• Loss of productivity from down time while you the role filled
    – Cost $10K
  • HR Team member costs
    – Cost $10K

Total Cost $84K

Now that’s only on the outgoing person who may have only stayed 12 month’s to two years, you will now need to incur all these same costs on retraining the new recruit and if you get it wrong again…

Why values are so important?

I was speaking with a client the other day about how an organisation he knew needed to better understand its existing values prior to moving forward. There is model that has been used by hundreds of thousands of organisations globally. It’s called Spiral Dynamics and looks at how values affect groups. Working on a series of levels, this 5-minute video gives you a serious look at your own business population and what your people value. Is your organisation at Level 1 to Level 5 or Level 7 – have a look and consider. Almost certainly there will be attributes that cross the levels, and certain tenancies will also be rife – ENJOY.

I thought I’d pen a few thoughts on this topic. I think there are at least five key things to consider:

  1. Do you know what values currently drive your people & how would you find this out?
    One way is to use a values survey or values measurement tool or group session on understanding how people feel the organisation treats them and what’s driving their current behaviours.
  2. How do you change them?
    If the current values are different to what you thought they’d be, how do you then change them? This is where things start to get interesting. Suppose you spend 4 hours in a room with your top 5 execs coming up with “SEVEN KEY ORGANISATIONAL VALUES” and then post them all over the place. Can and does this work?
  3. Involve the masses, but make sure you have a strategy to narrow down the results!
    If you use a survey as suggested above, rank the areas people have rated as “Most Important” and then look more into how these match the organisation. A specific intervention might take the form of a workshop where significant numbers of people (or an example population) go through the results and are asked for feedback on any extremes.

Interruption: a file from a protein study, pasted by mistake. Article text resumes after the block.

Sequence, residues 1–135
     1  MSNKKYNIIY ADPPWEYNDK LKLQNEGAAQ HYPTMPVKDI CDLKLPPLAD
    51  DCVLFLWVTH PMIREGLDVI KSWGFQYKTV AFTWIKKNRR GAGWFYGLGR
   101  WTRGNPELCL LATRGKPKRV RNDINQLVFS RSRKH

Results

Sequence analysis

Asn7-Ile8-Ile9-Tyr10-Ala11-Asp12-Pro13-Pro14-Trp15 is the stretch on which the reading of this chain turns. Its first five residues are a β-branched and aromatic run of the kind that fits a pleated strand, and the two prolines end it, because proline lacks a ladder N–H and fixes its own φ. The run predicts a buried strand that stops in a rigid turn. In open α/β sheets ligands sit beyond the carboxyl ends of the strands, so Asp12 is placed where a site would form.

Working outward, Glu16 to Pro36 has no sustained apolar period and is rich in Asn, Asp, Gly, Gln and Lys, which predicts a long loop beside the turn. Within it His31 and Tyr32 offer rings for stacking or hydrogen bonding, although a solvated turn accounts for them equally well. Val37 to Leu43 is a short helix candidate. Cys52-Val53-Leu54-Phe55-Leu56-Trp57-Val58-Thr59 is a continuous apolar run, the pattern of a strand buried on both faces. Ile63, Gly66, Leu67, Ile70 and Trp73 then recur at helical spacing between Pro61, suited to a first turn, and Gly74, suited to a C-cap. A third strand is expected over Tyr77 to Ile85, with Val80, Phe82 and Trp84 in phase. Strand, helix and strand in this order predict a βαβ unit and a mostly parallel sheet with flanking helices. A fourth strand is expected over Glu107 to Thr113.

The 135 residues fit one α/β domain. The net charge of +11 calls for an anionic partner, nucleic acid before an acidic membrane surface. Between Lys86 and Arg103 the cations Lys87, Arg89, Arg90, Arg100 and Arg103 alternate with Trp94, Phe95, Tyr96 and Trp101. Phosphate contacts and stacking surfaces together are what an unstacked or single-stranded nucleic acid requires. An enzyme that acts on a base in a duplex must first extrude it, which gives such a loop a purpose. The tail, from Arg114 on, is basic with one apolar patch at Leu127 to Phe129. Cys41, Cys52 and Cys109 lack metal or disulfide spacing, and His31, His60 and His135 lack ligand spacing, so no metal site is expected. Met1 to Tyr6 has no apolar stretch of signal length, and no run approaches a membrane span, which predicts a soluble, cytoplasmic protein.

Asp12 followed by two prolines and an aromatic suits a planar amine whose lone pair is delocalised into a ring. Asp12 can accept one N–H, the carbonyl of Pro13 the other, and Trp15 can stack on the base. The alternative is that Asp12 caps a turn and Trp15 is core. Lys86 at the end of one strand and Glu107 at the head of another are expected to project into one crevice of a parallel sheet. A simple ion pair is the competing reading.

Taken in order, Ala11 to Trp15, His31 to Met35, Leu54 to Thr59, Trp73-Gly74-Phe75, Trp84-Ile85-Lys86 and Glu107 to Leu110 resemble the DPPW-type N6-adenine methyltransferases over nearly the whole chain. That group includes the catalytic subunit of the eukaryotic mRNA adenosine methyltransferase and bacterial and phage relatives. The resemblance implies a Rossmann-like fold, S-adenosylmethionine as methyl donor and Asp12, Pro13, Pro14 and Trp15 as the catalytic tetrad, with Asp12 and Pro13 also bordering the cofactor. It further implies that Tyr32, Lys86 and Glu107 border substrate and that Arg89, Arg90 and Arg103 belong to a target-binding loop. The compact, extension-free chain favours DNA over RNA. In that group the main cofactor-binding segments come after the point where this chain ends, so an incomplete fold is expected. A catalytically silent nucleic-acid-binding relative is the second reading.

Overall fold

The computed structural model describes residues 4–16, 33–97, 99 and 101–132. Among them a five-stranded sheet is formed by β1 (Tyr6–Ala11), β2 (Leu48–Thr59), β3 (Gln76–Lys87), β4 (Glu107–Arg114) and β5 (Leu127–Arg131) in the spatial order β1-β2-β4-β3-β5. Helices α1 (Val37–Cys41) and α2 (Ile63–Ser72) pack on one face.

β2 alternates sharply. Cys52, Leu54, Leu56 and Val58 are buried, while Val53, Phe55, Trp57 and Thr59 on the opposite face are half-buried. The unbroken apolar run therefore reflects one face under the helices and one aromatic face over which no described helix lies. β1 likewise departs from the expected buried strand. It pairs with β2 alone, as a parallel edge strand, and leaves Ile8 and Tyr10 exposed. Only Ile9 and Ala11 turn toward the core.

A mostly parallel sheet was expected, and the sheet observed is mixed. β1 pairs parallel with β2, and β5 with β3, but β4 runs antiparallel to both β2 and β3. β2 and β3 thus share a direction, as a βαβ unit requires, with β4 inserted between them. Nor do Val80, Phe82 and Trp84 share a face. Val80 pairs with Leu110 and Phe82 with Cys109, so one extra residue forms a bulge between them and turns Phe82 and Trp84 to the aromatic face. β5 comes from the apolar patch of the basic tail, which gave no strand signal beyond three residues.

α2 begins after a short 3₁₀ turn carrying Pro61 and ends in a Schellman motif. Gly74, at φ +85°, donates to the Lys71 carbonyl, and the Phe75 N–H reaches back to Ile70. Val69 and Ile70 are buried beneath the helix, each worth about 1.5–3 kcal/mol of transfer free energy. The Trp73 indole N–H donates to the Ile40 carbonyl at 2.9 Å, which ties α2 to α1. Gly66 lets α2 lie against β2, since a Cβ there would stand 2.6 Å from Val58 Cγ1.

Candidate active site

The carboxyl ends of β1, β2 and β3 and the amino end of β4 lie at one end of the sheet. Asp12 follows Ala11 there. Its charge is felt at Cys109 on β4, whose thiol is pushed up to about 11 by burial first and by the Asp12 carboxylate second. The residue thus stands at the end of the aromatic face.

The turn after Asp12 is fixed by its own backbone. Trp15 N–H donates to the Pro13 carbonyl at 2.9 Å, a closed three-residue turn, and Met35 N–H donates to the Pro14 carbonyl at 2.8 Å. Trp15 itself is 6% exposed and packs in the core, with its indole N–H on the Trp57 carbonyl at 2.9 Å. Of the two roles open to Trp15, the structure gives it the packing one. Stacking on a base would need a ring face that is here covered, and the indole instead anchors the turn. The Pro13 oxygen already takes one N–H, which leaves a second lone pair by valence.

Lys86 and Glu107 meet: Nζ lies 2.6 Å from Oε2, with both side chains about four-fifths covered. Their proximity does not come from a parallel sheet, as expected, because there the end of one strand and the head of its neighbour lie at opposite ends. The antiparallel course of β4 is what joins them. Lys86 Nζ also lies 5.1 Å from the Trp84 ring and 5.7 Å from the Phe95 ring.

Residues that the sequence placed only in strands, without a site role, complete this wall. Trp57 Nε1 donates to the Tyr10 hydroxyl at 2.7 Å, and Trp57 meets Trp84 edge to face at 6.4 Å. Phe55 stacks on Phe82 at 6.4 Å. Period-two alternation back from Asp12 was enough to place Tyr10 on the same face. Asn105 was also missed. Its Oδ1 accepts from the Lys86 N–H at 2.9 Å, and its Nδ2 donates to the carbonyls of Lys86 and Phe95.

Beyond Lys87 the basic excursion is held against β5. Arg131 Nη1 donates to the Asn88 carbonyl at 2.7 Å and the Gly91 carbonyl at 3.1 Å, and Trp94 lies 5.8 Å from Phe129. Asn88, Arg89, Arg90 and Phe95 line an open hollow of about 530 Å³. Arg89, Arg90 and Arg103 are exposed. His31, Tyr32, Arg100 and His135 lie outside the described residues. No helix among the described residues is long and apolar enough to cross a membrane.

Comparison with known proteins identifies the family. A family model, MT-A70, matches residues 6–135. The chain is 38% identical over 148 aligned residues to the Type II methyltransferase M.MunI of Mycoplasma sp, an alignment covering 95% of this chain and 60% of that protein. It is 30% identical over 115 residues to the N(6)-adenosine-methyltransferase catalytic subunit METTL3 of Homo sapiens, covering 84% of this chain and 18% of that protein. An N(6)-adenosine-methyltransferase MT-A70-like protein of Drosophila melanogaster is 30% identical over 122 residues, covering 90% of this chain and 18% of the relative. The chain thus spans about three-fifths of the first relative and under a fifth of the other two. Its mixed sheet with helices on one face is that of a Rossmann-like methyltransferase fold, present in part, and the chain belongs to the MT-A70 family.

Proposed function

4. Bringing “values” to life!
    Don’t just rest on your laurels once you have some traction. Have your managers consider how those values in every area of the business will and do affect them and what this means. E.g. Integrity is a great word, but what does it mean in the context of your business unit and how might it affect your internal talent management strategies?Often I see execs performance managing team members for taking too much sick leave or annual leave at crucial times, and then a week later they execute a key change management piece and take the following off because it had been “planned for ages”.
  5. Be congruent and vigilant about what you do.
    As you co-create the values in your organisation with your people, be careful of the behaviours you and your exec team exhibit in the business on a daily basis. Have a complete congruency between sets of values and the specific behaviours you and your teams display, ensuring they all link back.

By following the above five points, you create a continuous process of improvement around what’s valued inside your organisation. Check out Jim Collins, author of Good to Great & Built to Last in a 2-minute Video brief on the power of values here. Ensure that at the centre of any intervention are things like performance management & change management processes & implications have been fully thought through.